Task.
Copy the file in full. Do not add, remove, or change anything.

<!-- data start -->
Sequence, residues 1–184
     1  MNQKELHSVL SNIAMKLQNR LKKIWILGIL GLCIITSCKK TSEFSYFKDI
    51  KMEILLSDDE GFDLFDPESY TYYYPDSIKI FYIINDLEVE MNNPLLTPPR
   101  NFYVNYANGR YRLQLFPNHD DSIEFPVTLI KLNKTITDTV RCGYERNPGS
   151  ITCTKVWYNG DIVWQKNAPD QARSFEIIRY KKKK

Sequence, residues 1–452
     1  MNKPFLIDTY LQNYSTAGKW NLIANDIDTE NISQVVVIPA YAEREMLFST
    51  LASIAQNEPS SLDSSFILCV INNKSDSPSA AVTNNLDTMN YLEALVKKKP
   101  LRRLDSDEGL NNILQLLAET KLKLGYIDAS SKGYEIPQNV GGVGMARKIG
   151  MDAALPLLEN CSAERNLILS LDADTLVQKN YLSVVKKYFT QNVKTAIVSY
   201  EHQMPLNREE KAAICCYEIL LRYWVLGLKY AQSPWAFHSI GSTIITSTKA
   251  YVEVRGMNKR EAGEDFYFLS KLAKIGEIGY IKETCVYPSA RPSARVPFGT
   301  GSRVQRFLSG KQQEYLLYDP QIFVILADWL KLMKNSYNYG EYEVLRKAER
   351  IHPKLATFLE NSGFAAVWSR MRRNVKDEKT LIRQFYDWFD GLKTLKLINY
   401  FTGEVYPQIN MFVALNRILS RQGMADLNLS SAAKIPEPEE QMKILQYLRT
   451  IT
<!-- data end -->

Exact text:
Sequence, residues 1–184
     1  MNQKELHSVL SNIAMKLQNR LKKIWILGIL GLCIITSCKK TSEFSYFKDI
    51  KMEILLSDDE GFDLFDPESY TYYYPDSIKI FYIINDLEVE MNNPLLTPPR
   101  NFYVNYANGR YRLQLFPNHD DSIEFPVTLI KLNKTITDTV RCGYERNPGS
   151  ITCTKVWYNG DIVWQKNAPD QARSFEIIRY KKKK

Sequence, residues 1–452
     1  MNKPFLIDTY LQNYSTAGKW NLIANDIDTE NISQVVVIPA YAEREMLFST
    51  LASIAQNEPS SLDSSFILCV INNKSDSPSA AVTNNLDTMN YLEALVKKKP
   101  LRRLDSDEGL NNILQLLAET KLKLGYIDAS SKGYEIPQNV GGVGMARKIG
   151  MDAALPLLEN CSAERNLILS LDADTLVQKN YLSVVKKYFT QNVKTAIVSY
   201  EHQMPLNREE KAAICCYEIL LRYWVLGLKY AQSPWAFHSI GSTIITSTKA
   251  YVEVRGMNKR EAGEDFYFLS KLAKIGEIGY IKETCVYPSA RPSARVPFGT
   301  GSRVQRFLSG KQQEYLLYDP QIFVILADWL KLMKNSYNYG EYEVLRKAER
   351  IHPKLATFLE NSGFAAVWSR MRRNVKDEKT LIRQFYDWFD GLKTLKLINY
   401  FTGEVYPQIN MFVALNRILS RQGMADLNLS SAAKIPEPEE QMKILQYLRT
   451  IT